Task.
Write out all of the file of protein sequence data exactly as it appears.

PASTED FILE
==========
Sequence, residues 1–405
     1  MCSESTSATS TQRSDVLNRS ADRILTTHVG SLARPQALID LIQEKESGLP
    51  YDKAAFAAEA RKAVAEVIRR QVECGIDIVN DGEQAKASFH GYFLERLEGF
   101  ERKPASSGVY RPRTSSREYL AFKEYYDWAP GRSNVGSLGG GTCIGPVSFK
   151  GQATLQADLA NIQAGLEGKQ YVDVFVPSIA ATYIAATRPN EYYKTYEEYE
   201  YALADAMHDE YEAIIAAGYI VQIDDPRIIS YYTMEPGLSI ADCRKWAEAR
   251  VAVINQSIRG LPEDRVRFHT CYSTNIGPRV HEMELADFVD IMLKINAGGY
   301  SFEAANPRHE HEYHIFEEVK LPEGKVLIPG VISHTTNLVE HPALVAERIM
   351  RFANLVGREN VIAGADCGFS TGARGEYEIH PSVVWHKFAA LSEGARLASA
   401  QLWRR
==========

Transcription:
Sequence, residues 1–405
     1  MCSESTSATS TQRSDVLNRS ADRILTTHVG SLARPQALID LIQEKESGLP
    51  YDKAAFAAEA RKAVAEVIRR QVECGIDIVN DGEQAKASFH GYFLERLEGF
   101  ERKPASSGVY RPRTSSREYL AFKEYYDWAP GRSNVGSLGG GTCIGPVSFK
   151  GQATLQADLA NIQAGLEGKQ YVDVFVPSIA ATYIAATRPN EYYKTYEEYE
   201  YALADAMHDE YEAIIAAGYI VQIDDPRIIS YYTMEPGLSI ADCRKWAEAR
   251  VAVINQSIRG LPEDRVRFHT CYSTNIGPRV HEMELADFVD IMLKINAGGY
   301  SFEAANPRHE HEYHIFEEVK LPEGKVLIPG VISHTTNLVE HPALVAERIM
   351  RFANLVGREN VIAGADCGFS TGARGEYEIH PSVVWHKFAA LSEGARLASA
   401  QLWRR